Theatre Review: “I think we can do better”
Quintessence Theatre Company has dipped its toe into the ocean of Musical Theatre with the Lerner and Loewe classic, My Fair Lady. Based on George Bernard Shaw’s “Pygmalion”, it’s a story that most theatre goers are familiar with. At the very least, we have had Loewe’s melodies buzzing around our heads since we were children. I went into the theatre, excited to listen to the music I know so well and fall in love with Eliza Doolittle all over again.
The lights went down in the fantastic Sedgwick Theatre and two uprights began to traverse through the overture. Amanda Morton, once again fooling us to think that she has more hands and fingers than the average human beautifully filled the space. She was accompanied by Christopher Ertelt, who also served as Music Director for the piece. Shortly after the overture began, the ensemble entered, began their dance, and it became evident that this was Quintessence’s first stab at the genre.
We quickly realize that this is a modern take on My Fair Lady, but exactly how modern, is hard to determine. Costumes (by Christina Bullard) and the set (Doug Greene) were a mixture of mid century and modern. Furniture was adorned with a MacBook here and there to remind us that, even though the men are in coattails treating women like second class citizens, we are indeed the present day.
Now, I don’t know if I forgot, or if it just lands differently in 2017, but the immense misogyny of this piece did NOT sit well with me this time around. Henry Higgins is a socially inept, condescending monster that, quite frankly, I don’t want to watch for 2 hours and 45 long minutes. I don’t find Alfred P. Doolittle and his hopes that his daughter will prostitute herself for the benefit of his wallet charming or funny in the least. Colonel Pickering offers the only respect towards Eliza, but his respect is book ended with him looking the other way when Higgins spouts vile insults at Eliza time and time again. Simply put: The piece is antiquated, offensive, and quite frankly, it’s a story that does not need to be told.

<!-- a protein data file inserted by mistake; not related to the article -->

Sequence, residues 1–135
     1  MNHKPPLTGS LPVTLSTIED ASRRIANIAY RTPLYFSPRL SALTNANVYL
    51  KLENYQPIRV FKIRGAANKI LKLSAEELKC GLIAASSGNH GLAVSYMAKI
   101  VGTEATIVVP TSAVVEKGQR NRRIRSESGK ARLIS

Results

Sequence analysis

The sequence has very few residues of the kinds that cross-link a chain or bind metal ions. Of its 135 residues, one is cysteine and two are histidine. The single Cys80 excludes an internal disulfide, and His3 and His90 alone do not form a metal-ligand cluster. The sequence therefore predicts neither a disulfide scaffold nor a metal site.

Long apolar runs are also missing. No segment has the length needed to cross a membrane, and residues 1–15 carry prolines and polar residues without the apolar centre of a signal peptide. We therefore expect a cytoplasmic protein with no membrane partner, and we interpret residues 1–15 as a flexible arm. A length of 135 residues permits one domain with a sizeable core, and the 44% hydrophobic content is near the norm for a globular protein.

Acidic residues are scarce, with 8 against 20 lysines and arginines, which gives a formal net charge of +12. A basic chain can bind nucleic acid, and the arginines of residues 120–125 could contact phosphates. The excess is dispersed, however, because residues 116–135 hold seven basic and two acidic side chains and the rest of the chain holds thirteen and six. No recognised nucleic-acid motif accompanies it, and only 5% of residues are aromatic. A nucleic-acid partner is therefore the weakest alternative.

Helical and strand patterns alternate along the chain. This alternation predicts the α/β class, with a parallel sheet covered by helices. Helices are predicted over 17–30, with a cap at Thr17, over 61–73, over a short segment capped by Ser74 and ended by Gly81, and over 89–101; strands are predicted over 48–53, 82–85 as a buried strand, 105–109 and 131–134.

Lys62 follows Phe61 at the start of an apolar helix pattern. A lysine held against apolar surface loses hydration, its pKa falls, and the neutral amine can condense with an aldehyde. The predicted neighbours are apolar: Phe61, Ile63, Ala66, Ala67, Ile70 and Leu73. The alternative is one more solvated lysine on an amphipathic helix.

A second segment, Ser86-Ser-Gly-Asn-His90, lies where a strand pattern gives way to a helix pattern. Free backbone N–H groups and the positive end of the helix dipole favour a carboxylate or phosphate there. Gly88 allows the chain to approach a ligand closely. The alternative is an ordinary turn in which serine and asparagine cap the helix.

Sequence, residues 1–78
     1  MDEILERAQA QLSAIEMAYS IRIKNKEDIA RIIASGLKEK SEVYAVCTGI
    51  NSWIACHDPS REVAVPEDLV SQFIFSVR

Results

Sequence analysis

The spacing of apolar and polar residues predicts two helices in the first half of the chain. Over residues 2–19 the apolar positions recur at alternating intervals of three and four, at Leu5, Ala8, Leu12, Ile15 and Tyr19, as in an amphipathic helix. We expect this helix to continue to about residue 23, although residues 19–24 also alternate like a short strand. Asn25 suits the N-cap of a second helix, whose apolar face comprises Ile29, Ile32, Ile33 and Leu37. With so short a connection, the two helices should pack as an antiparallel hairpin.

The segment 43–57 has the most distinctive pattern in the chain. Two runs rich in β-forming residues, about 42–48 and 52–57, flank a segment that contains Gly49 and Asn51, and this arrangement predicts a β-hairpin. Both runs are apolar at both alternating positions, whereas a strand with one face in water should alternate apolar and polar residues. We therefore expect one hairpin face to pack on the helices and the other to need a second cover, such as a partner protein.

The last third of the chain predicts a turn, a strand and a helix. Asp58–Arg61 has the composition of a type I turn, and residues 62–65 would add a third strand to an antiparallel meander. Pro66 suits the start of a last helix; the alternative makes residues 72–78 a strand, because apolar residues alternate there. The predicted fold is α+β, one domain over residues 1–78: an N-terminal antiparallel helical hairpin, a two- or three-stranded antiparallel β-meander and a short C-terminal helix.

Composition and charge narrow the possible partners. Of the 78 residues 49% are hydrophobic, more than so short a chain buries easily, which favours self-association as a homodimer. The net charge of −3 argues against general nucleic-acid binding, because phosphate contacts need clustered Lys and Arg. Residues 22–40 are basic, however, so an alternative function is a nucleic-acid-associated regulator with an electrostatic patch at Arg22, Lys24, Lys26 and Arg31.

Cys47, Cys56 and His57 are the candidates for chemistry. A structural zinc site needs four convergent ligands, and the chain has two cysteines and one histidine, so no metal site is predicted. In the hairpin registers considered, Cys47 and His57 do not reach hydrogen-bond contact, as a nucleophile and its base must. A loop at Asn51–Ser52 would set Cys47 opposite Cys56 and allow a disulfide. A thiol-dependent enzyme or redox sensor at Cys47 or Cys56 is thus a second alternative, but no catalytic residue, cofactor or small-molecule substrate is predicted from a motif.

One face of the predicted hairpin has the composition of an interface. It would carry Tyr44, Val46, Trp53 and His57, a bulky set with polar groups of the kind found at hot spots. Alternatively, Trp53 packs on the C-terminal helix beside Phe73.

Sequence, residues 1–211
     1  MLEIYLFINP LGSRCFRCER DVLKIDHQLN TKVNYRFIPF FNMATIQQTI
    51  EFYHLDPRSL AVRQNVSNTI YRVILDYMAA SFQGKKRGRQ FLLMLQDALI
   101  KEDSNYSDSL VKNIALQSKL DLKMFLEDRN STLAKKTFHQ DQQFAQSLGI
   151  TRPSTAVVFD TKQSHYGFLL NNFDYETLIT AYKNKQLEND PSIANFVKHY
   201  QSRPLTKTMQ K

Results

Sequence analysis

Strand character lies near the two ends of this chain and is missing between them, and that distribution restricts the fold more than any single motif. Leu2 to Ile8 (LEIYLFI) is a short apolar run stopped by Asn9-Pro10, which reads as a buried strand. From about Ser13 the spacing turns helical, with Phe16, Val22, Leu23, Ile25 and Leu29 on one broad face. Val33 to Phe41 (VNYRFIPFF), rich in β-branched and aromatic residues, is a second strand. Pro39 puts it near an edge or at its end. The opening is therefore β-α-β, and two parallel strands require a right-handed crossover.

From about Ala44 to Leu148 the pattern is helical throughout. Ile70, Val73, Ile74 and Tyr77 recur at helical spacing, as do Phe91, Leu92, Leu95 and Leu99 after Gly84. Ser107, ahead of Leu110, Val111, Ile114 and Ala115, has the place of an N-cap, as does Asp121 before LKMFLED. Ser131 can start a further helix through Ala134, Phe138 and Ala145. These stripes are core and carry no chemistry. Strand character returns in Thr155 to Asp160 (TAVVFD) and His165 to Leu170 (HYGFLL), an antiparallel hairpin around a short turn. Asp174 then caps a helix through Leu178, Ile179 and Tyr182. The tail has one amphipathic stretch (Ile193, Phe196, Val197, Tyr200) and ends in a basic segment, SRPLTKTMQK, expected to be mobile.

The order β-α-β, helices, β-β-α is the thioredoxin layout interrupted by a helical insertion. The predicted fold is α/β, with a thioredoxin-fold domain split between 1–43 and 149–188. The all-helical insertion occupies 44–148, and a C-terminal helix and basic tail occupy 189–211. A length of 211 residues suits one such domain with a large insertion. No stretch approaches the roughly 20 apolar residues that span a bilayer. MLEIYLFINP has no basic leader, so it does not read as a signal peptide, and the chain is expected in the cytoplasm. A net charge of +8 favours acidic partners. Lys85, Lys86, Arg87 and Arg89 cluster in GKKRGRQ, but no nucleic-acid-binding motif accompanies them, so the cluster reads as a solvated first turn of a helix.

In Alexander Burn’s Director’s note, he writes: “It is our goal to truthfully explore the nuance of these two wonderfully human central characters and their very complicated apprenticeship. This is not to excuse the issue, but to say that it is through theatre we can collectively explore humanity’s greatest challenges.” Yes, theatre should absolutely be used as a microscope into the biggest issues we have with humanity. But almost three hours of a woman being abused and manipulated by a tyrannical bully only to come back to him at the end? I think we can do better.
To the credit of Quintessence, I heard that they tried to use the Pygmalion ending where Eliza leaves Higgins alone at his mothers house, but the licensing company did not allow it. Again I say: then WHY tell THIS story?
Aside from these issues, some stand out performances still came from the cast. Doug Hara, who played a lovable Pickering, Harry, and other ensemble characters was transformative, delightful, and a blast to watch. Leigh Kato brought strength to Eliza Doolittle and our hearts ached for her. The only belly laugh I had was from Stephen Tornetta as the butler. Gregory Isaac was given the monumental task of playing Henry Higgins and he was able to fill the shoes well enough for me to leave the theatre fuming.
My Fair Lady is runs in Mt. Airy at the Sedgwick Theatre and has been extended to Dec. 23rd.
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